Super quiet compressor? WTF?

I tested this Quincy compressor that I bought at auction today:
http://goo.gl/OCpa3
It is almost identical to my own Quincy compressor:
http://igor.chudov.com/projects/Quincy-340-Compressor/
It has the same pump, of the same vintage, etc. The difference is that this one has a 3 phase motor (mine has single phase 10 HP motor), and also, that it has a different muffler and oil bath filter. Also, my compressor has a belt guard and this one, does not.
What really shocked me was just how much quieter this compressor is, compared to mine! WTF?
Could just an intake muffler and oil bath filter make that much of a difference? Or does a belt guard add that much to noise?
i
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The intake muffler certainly could. A large part of compressor noise is from the intake - one of several reasons that plumbing the intake to the outside is often a good idea (though muffling it is probably _also_ a good idea if doing that in a residential neighborhood.)
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wrote:

That also was a large part of the noise from old VWs, even the very first water-cooled ones. Intake noise can be suprisingly loud, especially if you have a good muffler on the output end.
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Well, I tried swappnig my Solberg intake filter/muffler for the Burgess muffler that is on the Quincy that I bought the other day.
Made very little difference. I think that the noise is due to "everything else".
i
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wrote:

'Could be. Go to a pet shop and puy a few feet of plastic aquarium hose. Stick one end of it in your ear. d8-) Hold the other end in different places where you think the noise may be generated.
That's what I've used in place of a mechanic's stethoscope for close to 50 years, and it works great.
Or, buy a mechanic's stethoscope and go pro.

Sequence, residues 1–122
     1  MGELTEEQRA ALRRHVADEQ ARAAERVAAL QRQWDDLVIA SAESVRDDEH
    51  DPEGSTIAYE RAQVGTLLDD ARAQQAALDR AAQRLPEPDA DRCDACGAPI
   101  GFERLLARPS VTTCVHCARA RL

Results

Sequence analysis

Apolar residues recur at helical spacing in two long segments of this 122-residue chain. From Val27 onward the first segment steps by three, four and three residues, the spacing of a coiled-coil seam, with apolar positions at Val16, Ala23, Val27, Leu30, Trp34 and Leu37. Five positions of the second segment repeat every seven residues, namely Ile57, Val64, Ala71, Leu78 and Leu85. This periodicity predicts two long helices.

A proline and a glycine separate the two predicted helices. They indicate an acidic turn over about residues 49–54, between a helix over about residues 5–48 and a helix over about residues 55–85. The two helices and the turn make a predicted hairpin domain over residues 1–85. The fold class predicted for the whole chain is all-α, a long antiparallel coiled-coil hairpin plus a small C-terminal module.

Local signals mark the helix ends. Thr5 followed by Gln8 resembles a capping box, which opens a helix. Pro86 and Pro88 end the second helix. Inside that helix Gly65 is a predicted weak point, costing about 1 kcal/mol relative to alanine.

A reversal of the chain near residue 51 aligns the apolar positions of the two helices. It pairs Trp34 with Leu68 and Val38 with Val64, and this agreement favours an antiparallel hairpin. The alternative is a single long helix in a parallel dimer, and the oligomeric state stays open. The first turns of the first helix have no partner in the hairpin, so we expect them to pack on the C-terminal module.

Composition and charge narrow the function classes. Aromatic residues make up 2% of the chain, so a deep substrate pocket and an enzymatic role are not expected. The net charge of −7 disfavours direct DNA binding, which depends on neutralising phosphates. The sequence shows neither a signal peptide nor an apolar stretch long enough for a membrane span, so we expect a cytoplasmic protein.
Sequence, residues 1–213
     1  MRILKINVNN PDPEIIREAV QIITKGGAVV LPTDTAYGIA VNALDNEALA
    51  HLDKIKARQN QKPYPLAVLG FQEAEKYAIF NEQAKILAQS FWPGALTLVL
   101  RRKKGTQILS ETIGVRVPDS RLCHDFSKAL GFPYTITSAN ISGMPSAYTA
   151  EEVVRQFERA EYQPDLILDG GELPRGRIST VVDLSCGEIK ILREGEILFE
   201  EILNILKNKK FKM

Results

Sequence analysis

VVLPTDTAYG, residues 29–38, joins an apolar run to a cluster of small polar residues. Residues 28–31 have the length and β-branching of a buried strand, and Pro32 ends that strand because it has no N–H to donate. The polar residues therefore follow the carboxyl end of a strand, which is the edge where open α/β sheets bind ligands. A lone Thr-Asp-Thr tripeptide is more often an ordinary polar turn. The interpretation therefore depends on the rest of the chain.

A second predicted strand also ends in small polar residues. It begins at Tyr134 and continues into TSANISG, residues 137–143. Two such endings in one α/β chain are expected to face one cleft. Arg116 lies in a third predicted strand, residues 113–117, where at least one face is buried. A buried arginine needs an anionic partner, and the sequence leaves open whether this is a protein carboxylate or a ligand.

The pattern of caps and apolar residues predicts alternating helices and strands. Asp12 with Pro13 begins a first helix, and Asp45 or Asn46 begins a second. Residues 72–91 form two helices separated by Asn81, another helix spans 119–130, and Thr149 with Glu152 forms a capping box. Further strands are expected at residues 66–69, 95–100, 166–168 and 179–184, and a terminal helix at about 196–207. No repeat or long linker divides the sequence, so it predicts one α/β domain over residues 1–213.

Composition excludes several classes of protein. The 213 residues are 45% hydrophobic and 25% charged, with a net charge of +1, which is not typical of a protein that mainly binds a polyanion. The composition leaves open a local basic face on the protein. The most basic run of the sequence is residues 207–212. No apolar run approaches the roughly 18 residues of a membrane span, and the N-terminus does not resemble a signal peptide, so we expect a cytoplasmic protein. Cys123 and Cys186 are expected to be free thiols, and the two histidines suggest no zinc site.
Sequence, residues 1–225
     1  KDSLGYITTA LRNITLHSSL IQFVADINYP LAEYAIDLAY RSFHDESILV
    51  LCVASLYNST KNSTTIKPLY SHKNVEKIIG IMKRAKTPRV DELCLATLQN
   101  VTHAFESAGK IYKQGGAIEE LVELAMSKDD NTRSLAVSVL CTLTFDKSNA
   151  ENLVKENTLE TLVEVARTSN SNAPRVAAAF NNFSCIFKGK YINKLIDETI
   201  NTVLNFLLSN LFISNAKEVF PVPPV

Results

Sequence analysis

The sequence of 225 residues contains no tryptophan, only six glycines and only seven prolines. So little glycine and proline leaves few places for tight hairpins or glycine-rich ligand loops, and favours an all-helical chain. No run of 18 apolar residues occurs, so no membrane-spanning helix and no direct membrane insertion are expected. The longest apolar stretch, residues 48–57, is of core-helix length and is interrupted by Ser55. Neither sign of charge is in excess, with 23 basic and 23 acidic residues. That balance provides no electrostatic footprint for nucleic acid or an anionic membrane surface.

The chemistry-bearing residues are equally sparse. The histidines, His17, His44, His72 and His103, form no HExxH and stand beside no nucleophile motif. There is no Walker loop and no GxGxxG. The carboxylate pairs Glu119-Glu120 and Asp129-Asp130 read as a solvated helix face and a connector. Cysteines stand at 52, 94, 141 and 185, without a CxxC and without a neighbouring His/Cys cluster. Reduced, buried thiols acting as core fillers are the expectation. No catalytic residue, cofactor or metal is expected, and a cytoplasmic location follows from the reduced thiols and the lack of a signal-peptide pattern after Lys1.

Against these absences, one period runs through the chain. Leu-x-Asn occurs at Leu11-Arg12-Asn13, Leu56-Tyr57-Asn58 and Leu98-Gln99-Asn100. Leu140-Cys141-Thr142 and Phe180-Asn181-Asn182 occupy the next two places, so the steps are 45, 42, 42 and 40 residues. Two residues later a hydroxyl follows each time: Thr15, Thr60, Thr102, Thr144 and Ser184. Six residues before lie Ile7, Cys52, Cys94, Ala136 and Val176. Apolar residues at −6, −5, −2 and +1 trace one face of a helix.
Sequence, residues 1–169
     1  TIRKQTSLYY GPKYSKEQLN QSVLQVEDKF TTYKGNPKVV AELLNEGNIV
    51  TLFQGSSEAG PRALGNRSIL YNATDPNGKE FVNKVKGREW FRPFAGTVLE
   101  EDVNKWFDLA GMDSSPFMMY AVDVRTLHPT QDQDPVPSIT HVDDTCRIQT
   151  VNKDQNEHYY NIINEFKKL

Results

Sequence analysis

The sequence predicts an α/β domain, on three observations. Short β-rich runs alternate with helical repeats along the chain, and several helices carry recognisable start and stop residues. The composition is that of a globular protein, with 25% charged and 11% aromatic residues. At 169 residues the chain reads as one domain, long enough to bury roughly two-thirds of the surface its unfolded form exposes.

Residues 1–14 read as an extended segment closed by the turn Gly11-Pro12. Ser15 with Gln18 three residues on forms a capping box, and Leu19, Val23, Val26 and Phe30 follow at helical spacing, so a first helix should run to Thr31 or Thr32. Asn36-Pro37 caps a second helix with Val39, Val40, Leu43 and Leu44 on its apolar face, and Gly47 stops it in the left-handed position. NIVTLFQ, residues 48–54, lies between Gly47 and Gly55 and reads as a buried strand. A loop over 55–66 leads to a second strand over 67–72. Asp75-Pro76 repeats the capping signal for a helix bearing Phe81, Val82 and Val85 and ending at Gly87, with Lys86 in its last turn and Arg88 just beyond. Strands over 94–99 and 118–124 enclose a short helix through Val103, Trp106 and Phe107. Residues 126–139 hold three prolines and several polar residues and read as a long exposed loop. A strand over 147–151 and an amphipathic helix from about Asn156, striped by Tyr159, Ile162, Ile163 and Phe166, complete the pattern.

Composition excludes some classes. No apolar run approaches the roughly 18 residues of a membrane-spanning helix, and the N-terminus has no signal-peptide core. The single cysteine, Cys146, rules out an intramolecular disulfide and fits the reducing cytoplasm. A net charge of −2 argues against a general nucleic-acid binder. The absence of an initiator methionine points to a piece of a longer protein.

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On 7/8/2011 7:43 AM, Ed Huntress wrote:

Just for grins, I once fitted a small forklift carb to a Ducati 350 at my Dad's suggestion. As he predicted, off-idle and low throttle response was fantastic (at great loss to high end). One thing quite surprising was it would idle very steadily and reliably, slow enough I could hear the air rushing in through the intake. I'd never heard intake noise before on a bike.
That combo would light off with one kick, hands off throttle and at once settle down to a slurp-thump, slurp-thump idle.
Jon
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Ha! Was that the single-cylinder, DOHC Ducati with the countershaft drive to the cams? IIRC, they had a concentric Amal carb, right?
They were pretty slick, but giving that engine asthma with a little forklift carb probably gave you much better atomization at low flow rates.
I once put a single-carb (SU) manifold from a Morris Minor onto my friend's AH Sprite, just to get him back and forth to school while he learned to rebuild those carbs. It would pull stumps, but it was out of wind in a hurry.
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On 7/8/2011 8:50 AM, Ed Huntress wrote:

SOHC, but yes, driven by bevel gear train off the crankshaft. Never saw one with an Amal, all early models I've seen had Dellorto side bowl carbs, later builds had a square slide Dellorto..

Yeah, it was awesome putting around, a very smooth linearity to throttle input with oodles of torque. Up to a point... <G>
Jon
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Eh, boy, memory is going. Yes, I remembered the separate valve covers and DOHC stuck in my memory. Also, the desmos from the late '60s and on. There was a lot of stuff going on, on top of those cylinder heads.

Well, Amals were somewhat popular as retrofits (they flow better than Dellortos) but the OEM use of Amals on Ducatis came with later models, as my memory jogs. Some of the V-twins had Amals from the factory, too.

My favorite stump-puller was a BSA Victor 441 that I had for a short while, until I realized, at about age 20, that I would soon have the kidneys of a 60-year-old if I kept it. You could go up a steep hill with it and count the cylinder firings.
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